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Psoriasis is distinguished by a thickened plaque of red skin, with silvery scaling on the surface. It is commonly found on the elbow, knees, lower back and scalp. However, it can occur anywhere on the skin surface, including the nails, face and genitalia. Psoriasis can be associated with joint inflammation (arthritis), which may not be recognised early in the course of the skin condition. Traditional medical treatments for psoriasis include topical therapies, phototherapy, and systemic therapies (tablets). Phototherapy is particularly useful where psoriasis doesn’t respond to topical therapies. New developments in psoriasis therapy are emerging all the time and include the use of ‘biologic’ agents.


Phototherapy, also called light therapy, means treatment with a special kind of light. The most common type of phototherapy is narrowband ultraviolet B (UVB) light, which is the best part of natural sunlight for treating a range of skin conditions, including atopic dermatitis, psoriasis, pruritus, vitiligo, and lichen planus. Phototherapy treatment is covered by Medicare Australia for Australian residents.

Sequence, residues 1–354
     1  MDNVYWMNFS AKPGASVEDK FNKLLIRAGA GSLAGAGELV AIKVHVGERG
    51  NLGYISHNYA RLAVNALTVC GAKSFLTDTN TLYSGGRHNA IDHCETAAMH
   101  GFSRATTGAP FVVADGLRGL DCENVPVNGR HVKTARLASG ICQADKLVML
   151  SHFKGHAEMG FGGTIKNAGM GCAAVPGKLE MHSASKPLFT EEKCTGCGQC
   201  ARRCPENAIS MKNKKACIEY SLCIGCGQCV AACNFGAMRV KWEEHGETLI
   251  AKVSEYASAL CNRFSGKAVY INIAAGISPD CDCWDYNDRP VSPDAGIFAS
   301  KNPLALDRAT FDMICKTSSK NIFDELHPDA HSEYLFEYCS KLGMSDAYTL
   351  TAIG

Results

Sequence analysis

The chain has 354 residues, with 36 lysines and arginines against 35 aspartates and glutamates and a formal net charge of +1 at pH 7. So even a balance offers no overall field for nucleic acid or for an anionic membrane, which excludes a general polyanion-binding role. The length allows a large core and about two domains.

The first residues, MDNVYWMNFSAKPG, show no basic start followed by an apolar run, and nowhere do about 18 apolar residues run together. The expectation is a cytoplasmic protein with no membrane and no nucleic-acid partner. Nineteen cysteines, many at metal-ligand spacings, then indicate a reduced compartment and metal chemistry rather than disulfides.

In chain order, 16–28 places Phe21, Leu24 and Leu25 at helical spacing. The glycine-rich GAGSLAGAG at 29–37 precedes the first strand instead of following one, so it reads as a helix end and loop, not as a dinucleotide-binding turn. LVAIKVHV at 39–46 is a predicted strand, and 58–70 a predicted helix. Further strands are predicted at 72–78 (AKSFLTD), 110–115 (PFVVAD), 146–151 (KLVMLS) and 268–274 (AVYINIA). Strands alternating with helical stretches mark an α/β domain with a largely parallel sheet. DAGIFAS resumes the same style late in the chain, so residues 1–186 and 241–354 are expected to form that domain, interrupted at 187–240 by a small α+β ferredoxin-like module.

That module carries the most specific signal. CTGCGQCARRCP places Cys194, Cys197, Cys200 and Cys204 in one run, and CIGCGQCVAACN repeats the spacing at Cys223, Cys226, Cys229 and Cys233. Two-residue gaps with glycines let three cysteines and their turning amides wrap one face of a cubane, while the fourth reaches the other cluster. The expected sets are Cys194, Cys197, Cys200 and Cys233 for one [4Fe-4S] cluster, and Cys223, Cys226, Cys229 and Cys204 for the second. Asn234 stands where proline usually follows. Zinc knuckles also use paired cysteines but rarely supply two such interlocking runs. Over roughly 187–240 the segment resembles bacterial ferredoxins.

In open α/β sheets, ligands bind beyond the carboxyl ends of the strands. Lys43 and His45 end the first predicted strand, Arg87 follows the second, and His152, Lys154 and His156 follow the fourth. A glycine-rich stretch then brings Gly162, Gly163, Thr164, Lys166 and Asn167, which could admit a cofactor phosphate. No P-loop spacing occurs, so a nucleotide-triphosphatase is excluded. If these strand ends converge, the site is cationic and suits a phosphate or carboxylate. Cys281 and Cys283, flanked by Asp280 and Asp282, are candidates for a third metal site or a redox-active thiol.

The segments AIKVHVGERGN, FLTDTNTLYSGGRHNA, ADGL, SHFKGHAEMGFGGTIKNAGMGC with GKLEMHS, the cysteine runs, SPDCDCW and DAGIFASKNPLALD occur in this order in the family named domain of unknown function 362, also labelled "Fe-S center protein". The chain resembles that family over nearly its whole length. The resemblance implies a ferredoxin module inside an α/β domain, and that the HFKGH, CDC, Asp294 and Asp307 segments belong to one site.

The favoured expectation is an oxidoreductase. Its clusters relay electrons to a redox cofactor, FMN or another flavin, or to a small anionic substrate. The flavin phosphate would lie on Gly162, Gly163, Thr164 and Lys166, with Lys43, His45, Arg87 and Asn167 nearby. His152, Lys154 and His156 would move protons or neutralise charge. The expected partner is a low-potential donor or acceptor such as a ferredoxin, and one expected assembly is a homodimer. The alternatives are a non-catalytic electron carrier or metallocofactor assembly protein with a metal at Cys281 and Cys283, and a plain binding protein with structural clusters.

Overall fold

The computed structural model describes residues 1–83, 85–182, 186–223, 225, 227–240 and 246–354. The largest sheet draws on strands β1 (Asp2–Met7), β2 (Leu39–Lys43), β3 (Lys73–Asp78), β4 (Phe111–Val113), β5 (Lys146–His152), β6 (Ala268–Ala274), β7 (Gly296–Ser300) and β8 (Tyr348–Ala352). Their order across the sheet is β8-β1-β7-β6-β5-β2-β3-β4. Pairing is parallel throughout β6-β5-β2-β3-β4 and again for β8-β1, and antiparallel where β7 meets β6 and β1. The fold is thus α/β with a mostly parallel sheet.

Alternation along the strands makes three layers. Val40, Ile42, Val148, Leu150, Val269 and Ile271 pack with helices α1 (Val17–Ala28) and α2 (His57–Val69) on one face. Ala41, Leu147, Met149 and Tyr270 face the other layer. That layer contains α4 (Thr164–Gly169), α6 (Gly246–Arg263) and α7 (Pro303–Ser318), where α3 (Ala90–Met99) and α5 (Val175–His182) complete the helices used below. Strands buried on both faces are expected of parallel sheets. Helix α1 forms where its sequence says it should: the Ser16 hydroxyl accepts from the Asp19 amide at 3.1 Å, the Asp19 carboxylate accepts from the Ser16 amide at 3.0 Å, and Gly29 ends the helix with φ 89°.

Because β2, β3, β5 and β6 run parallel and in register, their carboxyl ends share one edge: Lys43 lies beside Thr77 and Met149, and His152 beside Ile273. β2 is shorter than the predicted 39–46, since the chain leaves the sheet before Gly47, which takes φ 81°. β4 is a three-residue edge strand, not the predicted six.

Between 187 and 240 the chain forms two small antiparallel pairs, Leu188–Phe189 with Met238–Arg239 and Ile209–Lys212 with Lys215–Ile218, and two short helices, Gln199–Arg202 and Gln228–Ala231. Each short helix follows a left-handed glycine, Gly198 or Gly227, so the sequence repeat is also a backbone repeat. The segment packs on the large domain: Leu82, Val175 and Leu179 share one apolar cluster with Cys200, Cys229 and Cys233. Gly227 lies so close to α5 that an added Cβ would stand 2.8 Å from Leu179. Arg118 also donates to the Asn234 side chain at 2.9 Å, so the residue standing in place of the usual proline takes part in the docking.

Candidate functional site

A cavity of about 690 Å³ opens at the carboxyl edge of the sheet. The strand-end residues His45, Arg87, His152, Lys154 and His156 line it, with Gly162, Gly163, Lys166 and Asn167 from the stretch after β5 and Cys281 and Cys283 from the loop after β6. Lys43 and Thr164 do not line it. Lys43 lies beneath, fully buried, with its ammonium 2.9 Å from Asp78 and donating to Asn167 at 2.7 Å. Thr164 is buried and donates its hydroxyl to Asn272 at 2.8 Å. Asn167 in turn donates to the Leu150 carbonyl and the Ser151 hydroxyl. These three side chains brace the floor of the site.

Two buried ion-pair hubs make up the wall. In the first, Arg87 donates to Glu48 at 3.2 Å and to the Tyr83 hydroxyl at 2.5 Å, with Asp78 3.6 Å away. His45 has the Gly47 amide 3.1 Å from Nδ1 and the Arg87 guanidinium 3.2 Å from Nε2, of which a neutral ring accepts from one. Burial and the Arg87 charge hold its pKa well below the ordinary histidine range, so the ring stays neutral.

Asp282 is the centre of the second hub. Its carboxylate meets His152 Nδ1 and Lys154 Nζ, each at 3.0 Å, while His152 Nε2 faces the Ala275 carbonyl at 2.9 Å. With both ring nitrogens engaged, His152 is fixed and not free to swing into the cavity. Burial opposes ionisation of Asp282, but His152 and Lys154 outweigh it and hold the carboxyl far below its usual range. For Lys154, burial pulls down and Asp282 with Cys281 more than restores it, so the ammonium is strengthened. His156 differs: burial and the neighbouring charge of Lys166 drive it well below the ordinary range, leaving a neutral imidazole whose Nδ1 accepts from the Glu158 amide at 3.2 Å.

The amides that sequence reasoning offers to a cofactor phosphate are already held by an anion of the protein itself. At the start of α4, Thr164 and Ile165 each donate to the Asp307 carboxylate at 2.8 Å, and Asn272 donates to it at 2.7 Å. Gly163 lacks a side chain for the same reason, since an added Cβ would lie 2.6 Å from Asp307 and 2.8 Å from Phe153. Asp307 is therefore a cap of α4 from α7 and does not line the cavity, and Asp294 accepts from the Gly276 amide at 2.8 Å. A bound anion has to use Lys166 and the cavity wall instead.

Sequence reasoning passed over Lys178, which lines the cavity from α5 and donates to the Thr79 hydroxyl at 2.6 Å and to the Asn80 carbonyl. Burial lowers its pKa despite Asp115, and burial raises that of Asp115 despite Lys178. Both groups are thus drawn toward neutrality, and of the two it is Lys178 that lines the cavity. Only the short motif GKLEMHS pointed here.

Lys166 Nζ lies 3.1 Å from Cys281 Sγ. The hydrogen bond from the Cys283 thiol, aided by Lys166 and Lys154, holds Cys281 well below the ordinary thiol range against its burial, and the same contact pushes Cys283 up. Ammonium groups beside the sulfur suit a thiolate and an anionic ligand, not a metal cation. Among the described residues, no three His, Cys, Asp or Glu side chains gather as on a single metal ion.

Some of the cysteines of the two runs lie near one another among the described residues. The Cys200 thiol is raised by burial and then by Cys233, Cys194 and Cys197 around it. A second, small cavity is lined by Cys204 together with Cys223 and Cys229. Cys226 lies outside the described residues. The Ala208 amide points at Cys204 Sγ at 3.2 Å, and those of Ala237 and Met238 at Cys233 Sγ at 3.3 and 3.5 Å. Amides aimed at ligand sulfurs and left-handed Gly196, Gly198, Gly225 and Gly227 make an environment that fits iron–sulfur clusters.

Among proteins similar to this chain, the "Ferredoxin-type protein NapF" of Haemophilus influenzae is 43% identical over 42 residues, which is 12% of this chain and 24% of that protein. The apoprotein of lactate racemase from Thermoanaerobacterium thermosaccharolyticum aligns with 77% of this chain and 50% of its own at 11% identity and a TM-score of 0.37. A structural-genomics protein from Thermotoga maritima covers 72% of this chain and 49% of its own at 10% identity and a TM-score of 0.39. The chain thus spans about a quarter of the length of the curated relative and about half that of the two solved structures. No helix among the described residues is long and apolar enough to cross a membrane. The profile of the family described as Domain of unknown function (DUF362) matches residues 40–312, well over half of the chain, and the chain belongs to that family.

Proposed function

Excessive sweating

Excessive and uncontrollable sweating (hyperhidrosis) can interfere with daily life. It can also be a major source of embarrassment. Although excessive sweating can occur anywhere, the more common sites of excessive sweating include the armpits, palms, soles and the face. It can cause skin irritation, including secondary dermatitis and infection.
In many cases of hyperhidrosis, the cause is unknown. However, certain medical conditions (e.g. thyroid disease, diabetes, medications) can cause excessive sweating. It is important for your doctor to assess for these conditions with appropriate investigations if necessary.

Topical treatment methods include: 

Chemist products – aluminium hexachloride is an effective anti-perspirant, in an unfragranced form.
Prescription products – compounded agents containing an agent helps to block the nerve endings.
Botulinum toxin injections – injecting the affected areas can considerably reduce sweating and is very effective.
Iontopheresisis gentle electrotherapy – a low electrical current that interferes with the sweat glands just below the outer layer of the skin. It is particularly effective with excessive sweating of the hands or feet). Please discuss this option with your dermatologist.